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Occupational impact of internet-delivered cognitive behaviour therapy for depression and anxiety: reanalysis of data from five Australian randomised controlled trials

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The Australian Government has invested about $180 million into online mental health and telephone crisis support services,1 and Australian researchers are international leaders in the development of online mental health programs.2 Internet-delivered cognitive behaviour therapy (iCBT) courses are efficacious for anxiety and depressive disorders (the number needed to treat is about two); they significantly reduce symptoms and disability associated with these disorders.2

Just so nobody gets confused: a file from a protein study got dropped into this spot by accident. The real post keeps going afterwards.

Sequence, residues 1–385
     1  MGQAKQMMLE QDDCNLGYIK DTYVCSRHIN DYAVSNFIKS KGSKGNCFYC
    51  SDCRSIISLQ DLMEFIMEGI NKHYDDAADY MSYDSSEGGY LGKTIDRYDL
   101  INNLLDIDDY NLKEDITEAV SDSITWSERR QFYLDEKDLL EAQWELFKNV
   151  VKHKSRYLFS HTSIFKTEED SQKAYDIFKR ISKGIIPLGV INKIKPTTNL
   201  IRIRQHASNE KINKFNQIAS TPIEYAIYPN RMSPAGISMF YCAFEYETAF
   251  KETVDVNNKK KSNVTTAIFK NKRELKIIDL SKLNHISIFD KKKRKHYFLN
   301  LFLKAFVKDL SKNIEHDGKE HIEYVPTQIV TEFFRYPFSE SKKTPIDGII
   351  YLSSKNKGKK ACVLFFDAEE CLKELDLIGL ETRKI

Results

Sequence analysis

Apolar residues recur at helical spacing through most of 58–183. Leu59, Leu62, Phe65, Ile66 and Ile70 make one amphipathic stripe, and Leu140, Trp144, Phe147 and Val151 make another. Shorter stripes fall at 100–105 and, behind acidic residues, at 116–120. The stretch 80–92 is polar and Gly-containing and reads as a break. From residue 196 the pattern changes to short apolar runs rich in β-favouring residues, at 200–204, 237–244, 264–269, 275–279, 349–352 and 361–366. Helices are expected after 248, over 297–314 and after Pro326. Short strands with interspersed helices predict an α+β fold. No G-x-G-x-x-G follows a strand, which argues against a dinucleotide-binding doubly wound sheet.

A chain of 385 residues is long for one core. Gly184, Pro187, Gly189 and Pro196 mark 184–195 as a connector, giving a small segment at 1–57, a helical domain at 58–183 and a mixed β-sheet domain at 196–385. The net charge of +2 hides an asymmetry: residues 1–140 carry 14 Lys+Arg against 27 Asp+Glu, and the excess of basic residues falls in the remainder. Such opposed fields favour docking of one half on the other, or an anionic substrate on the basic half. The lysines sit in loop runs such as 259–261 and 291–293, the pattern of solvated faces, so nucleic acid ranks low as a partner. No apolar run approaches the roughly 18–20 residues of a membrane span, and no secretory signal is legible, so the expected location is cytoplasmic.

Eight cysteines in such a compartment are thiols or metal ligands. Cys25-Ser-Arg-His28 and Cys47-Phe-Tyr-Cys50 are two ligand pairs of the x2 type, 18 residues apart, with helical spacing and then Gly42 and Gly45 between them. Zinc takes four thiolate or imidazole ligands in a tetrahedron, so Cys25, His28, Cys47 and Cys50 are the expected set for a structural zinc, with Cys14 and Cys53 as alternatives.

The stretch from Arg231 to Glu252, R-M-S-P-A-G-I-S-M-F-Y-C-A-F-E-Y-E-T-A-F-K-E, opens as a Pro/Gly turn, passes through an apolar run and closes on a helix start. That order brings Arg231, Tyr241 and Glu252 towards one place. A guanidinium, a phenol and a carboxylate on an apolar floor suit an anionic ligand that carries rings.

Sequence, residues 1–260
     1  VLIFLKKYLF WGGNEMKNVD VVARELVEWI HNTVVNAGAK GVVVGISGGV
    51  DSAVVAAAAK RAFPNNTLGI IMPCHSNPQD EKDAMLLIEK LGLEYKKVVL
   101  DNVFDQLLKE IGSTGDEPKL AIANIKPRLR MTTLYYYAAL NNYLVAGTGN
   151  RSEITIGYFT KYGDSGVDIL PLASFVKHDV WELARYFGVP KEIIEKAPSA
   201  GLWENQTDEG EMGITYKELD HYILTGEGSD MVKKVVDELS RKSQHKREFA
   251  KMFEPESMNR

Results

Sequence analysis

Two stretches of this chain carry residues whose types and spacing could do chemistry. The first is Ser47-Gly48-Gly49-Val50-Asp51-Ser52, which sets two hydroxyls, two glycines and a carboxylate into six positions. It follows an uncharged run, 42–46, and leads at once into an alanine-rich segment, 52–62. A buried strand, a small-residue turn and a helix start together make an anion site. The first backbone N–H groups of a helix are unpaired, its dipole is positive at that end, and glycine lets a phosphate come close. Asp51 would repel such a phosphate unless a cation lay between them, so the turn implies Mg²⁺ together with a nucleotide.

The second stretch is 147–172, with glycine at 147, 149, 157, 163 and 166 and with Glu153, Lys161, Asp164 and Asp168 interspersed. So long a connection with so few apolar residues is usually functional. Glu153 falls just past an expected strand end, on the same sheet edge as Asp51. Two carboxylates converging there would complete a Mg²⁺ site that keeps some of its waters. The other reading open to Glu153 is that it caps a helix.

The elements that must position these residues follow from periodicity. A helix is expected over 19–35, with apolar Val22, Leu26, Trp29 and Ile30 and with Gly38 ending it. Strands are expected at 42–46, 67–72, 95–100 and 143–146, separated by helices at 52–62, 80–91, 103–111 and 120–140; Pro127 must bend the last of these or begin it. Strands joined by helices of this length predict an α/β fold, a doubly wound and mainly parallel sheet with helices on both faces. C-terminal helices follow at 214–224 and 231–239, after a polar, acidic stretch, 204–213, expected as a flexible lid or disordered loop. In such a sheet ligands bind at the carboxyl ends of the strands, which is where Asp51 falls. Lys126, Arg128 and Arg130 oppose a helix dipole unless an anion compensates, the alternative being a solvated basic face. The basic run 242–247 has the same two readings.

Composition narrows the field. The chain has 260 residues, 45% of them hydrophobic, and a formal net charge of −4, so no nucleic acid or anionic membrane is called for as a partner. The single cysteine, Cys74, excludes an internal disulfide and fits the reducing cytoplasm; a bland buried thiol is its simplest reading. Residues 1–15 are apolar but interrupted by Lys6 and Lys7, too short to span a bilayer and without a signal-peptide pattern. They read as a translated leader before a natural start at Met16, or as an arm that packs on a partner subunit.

Depression and anxiety are associated with high levels of occupational disability.3 They are the leading cause of sickness absence in most developed countries and account for about 35% of disability benefits.4 Left untreated, these disorders can lead to significant costs to employers, government, individuals and society.5

A few studies have shown that treatments for anxiety and depression improve occupational functioning. In depressed individuals, antidepressant medication has been shown to increase work productivity6 and psychodynamic therapy (with or without adjunctive antidepressant medication) has been shown to reduce self-reported absenteeism.7,8

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